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RAW Traffic Management – offering traffic management with a difference

Posted June 3, 2022

If you’ve visited Lot Fourteen over the past three years, you might have been lucky enough to have encountered some of the happiest traffic management staff… and there’s a reason for this.

RAW Traffic Management (RTM), a 100 per cent First Nations owned and managed South Australian company, whose mission is to create a supportive culture – providing cultural security, economic independence and a real sense of belonging for its staff.

Contracted to provide traffic management services at Lot Fourteen since the early days of the project; this journey has not only helped the company significantly, but the lives of their staff assigned to the site to deliver the vital traffic management service, contributing significantly to the everyday safety of the district.

The opportunity to deliver this service at Lot Fourteen has enabled the company to train a number of First Nations men and women, providing a safe entry point to the business.

As a company, RTM believes everyone deserves a second chance; with a large pool of its workforce having encountered significant cultural barriers, troubled pasts and run-ins with the law, the company’s door is always open to give anyone a go.

And being able to offer their staff an opportunity to bring in their own wage, put a roof over their heads and look after their families is key to turning lives around and changing lives.

At Lot Fourteen, there are a number of staff who have done just that as part of the team; one of those being Johanna Kite, who has worked with RTM based at Lot Fourteen for 12 months.

Johanna can vouch for the life transforming opportunity RTM has offered her, having believed she’d never be offered work opportunities based upon her criminal past.

Three years ago a friend of Johanna’s, who was working for the company, encouraged Johanna to get her white card and traffic control tickets, and apply.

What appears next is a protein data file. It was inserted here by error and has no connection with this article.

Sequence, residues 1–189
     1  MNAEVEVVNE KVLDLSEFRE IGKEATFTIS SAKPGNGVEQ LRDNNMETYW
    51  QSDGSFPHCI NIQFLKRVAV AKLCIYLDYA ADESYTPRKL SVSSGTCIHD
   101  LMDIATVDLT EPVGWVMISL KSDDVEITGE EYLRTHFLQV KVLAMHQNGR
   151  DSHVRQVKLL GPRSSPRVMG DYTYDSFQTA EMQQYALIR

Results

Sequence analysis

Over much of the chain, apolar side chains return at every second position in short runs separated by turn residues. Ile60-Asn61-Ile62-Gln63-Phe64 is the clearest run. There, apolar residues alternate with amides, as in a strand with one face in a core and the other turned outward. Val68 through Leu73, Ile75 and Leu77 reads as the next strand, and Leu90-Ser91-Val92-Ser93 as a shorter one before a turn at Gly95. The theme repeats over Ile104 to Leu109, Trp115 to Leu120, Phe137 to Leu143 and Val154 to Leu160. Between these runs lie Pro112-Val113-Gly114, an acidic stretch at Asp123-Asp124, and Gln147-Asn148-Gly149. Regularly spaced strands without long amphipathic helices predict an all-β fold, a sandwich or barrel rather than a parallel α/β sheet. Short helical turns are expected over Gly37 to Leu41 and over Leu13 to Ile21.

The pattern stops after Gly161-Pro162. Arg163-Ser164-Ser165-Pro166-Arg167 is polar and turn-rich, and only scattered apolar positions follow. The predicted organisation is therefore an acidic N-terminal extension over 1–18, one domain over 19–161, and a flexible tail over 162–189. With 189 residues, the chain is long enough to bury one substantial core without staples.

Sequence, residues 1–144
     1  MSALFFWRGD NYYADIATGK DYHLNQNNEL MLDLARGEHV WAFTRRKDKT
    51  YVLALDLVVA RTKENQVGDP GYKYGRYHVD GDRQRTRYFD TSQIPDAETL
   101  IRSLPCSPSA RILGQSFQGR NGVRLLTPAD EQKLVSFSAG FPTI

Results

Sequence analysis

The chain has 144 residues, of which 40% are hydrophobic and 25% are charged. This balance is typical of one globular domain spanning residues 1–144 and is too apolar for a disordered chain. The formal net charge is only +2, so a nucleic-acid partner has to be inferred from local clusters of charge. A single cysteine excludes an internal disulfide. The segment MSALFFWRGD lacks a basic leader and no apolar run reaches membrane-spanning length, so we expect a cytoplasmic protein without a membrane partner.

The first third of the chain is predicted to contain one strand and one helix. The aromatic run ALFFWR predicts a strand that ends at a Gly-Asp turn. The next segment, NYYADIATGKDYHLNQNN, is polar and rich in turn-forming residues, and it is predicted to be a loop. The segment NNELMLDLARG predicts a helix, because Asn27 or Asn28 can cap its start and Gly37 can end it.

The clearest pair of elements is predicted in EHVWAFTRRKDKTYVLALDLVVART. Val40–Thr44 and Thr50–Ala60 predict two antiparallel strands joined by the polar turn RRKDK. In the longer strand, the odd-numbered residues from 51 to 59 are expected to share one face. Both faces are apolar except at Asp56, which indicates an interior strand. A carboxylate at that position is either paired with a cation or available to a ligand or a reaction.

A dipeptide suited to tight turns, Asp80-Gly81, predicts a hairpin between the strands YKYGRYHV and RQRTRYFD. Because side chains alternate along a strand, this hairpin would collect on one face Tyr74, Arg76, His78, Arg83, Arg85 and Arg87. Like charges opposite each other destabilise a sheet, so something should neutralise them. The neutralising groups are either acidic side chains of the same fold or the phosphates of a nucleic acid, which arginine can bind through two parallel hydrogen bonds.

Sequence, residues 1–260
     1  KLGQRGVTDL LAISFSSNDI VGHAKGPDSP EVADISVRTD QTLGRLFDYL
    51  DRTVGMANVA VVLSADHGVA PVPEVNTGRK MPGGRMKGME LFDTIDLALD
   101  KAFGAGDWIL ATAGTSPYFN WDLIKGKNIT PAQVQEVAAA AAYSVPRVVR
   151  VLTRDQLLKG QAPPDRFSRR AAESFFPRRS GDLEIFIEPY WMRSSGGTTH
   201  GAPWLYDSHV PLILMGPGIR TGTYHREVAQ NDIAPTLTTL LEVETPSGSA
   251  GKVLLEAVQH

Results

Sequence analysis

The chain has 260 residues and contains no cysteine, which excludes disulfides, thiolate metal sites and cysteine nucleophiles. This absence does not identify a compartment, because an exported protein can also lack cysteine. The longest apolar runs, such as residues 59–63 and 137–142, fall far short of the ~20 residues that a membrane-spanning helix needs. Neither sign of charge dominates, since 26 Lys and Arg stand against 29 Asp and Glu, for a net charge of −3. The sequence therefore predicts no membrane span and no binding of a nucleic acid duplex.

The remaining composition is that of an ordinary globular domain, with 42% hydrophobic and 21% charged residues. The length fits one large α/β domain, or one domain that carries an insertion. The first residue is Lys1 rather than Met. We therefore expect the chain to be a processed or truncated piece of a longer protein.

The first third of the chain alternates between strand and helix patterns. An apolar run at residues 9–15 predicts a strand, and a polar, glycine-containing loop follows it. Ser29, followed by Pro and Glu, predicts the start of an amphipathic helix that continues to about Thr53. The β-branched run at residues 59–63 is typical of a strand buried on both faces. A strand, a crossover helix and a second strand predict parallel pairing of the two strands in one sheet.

It wasn’t an easy road, but eventually Johanna found the confidence to make the call that literally changed her life, and the transformation is significant; an opportunity that has not only enabled Johanna to create stability for her children, but also create a sense of belonging.

An experience which Johanna fondly recalls of her time on the job at Lot Fourteen, was a day when a tenant purposefully came out of their building to have a yarn.

“To be acknowledged, made me feel like I was a part of something – that I wasn’t a ghost – something I’ve felt like my whole life. No one acknowledged me because of my skin colour. So to be acknowledged (at Lot Fourteen) by the workers and the local residents is great,” Johanna said.

“And to see our culture recognised, it’s made me open my eyes a lot more, and see what opportunities are out there for Aboriginal people; because three to five years ago I didn’t know any opportunities like this existed for Aboriginal people – I really thought I’d have no hope getting anywhere.”

A 24/7 mentoring service, as part of the company’s new Aboriginal Building and Civil Construction Academy, has been implemented to ensure all apprentices finish their apprenticeship; a key point of difference in the company’s offering. This group training arm currently works with a cohort of 22 apprentices.

One such civil construction apprentice is Walter Jackson.

Walter has been with the company, located at Lot Fourteen, for just over 12 months. He landed a three-year apprenticeship with them, having been at other sites prior to coming here, demonstrating great reliability.

The apprenticeship has provided Walter the opportunity to build his time management skills, arriving early and working 10 hours days on his feet.

Despite the long days, Walter says “… it’s a great opportunity, because a lot of people like myself (are) just leaving school, and to always have that extra hand there if you need it – it’s wicked.”

Not originally something Walter saw himself doing, with wanting to make the AFL being his focus; it was an opportunity he didn’t want to pass up. On finishing his three-year apprenticeship, Walter plans to either continue in the traffic management space or move into doing civil construction.

RTM have received feedback regarding the genuine service provided by the 13 traffic management staff employed by the company across the innovation district.

A simple smile from someone can change your day and keep you going. Walter says “… this is his motto and what they strive to do… making other people’s days happy.”

Johanna encourages anyone, in particular her First Nations community, to explore workplace opportunities.

“I’m able to share my experience, my hope, to let people know that there are opportunities out there,” Johanna said.

We thank Johanna and Walter for sharing their story, and for their service to the Lot Fourteen community.

Find out more via their website.

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